The leaves of wild mint are edible, raw or cooked. Having a quite strong minty flavor with a slight bitterness,
they are used as a flavoring in salads or cooked foods. A herb tea can be made from the fresh or dried
leaves. The North American tribes used the leaves to make tea or beverages, to spice pemmican and soups,
and to add flavor to certain meats in cooking. Plant parts were packed in alternate layers with dried
meat for storage. An essential oil from the plant is used as a flavoring in sweets and beverages. The
leaves contain about 0.2% essential oil.
Wild mint is often used as a domestic herbal remedy, being valued especially for its antiseptic properties
and its beneficial effect on the digestion. Like other members of the genus, it should not used by pregnant
women because large doses can cause an abortion. The whole plant is anaesthetic, antispasmodic, antiseptic,
aromatic, and has agents that counteract inflammation, that relieve and remove gas from the digestive
system, induce sweating, promote or assist the flow of menstrual fluid, promote secretion of milk, relieve
fever and thirst, give strength and tone to the stomach, and is a stimulant.
North American Indians made a cold infusion of the plant as a lotion for fever and influensa. A compound
infusion was taken and poultice was applied to the chest for pneumonia. A decoction of plant parts was
taken for stomach pain, colds, swellings, headaches, diarrhea, and fevers. Dried leaves were chewed and
swallowed for chest pains and heart ailments. Fresh leaves were put in the nostrils for colds. An infusion
of leaves and stems was taken for vomiting, colds, pains, swellings, fevers, headaches, to prevent influensa,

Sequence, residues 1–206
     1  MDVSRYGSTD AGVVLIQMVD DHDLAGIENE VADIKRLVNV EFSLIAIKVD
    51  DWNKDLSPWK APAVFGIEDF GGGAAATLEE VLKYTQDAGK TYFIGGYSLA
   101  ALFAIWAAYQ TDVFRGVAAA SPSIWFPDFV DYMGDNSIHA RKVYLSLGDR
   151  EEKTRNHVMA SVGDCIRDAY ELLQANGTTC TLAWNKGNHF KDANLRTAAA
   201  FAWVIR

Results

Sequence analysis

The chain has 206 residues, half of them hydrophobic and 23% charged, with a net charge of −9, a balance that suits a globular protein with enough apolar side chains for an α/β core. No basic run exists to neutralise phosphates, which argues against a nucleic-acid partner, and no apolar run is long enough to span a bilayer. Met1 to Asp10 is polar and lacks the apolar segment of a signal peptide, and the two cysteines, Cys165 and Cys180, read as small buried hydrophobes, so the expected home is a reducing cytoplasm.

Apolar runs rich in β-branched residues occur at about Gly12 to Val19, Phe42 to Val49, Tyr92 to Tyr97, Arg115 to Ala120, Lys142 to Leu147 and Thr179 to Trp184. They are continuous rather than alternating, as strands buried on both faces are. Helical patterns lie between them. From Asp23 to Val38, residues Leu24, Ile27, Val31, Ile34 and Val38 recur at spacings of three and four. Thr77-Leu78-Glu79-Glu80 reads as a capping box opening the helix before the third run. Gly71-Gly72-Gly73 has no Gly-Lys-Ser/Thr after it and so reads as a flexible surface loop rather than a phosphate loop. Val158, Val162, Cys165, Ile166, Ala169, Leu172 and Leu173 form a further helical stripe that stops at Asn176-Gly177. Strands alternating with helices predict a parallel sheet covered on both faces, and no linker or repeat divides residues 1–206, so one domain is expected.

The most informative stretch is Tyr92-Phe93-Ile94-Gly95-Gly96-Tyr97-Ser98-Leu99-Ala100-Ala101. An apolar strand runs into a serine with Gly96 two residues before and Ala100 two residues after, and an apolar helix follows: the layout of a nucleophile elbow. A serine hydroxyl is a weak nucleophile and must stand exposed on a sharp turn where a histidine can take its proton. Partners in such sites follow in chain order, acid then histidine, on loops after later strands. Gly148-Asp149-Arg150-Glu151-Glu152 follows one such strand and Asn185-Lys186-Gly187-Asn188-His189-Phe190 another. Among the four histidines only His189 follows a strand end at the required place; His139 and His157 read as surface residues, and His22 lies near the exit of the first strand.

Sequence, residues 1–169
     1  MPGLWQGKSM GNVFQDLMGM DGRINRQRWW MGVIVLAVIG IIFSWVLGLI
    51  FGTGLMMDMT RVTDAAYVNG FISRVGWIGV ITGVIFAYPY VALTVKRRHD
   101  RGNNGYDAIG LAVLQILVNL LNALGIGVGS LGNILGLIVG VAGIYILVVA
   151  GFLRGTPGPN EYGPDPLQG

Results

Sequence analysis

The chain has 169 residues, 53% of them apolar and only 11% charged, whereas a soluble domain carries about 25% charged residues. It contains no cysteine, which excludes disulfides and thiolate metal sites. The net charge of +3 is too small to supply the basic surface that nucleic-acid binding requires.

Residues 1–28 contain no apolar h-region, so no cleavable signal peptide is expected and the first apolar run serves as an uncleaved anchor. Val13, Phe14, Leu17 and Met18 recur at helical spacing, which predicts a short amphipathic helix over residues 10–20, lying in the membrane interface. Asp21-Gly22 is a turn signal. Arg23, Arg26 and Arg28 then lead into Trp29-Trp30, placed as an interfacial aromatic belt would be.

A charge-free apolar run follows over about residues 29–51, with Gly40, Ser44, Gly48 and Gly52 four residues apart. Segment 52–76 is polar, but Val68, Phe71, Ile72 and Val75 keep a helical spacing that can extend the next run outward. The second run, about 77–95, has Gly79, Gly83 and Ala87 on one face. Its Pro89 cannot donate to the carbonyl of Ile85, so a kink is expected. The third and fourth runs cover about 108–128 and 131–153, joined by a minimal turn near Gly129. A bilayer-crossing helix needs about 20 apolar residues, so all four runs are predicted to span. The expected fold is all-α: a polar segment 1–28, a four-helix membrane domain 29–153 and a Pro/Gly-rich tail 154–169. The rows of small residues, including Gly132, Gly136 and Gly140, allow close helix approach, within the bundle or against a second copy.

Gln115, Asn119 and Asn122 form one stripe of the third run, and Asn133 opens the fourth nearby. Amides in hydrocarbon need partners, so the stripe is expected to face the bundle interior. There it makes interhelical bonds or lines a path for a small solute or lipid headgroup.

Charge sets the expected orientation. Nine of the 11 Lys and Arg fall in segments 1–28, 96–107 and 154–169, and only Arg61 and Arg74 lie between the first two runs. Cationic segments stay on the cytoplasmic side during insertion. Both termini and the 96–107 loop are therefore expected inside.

for stomach troubles. and indigestion. Leaves were used for carious teeth and in the sweatbath for rheumatism.
A poultice of crushed leaves was applied to swellings, to the gums for toothaches, to areas of pain and
swellings, for rheumatism and arthritis, and for eye trouble.
The plant is used as an insect repellent. Rats and mice intensely dislike the smell of mint. The plant
was therefore used in homes as a strewing herb and has also been spread in granaries to keep the rodents
off the grain. The leaves also repel various insects. Native people used leaves and stems as perfume to
deodorize houses. Leaves were powdered and sprinkled on meat and berries as a bug repellant. Plants were
boiled with traps to deodorize them so that the smell of blood would not deter animals. Plants were boiled
with traps to destroy the human scent. An essential oil is obtained from the plant. The yield from the
leaves is about 0.8%. The sub-species M. arvensis piperascens produces the best oil, which can be used
as a substitute for, or adulterant of, peppermint oil.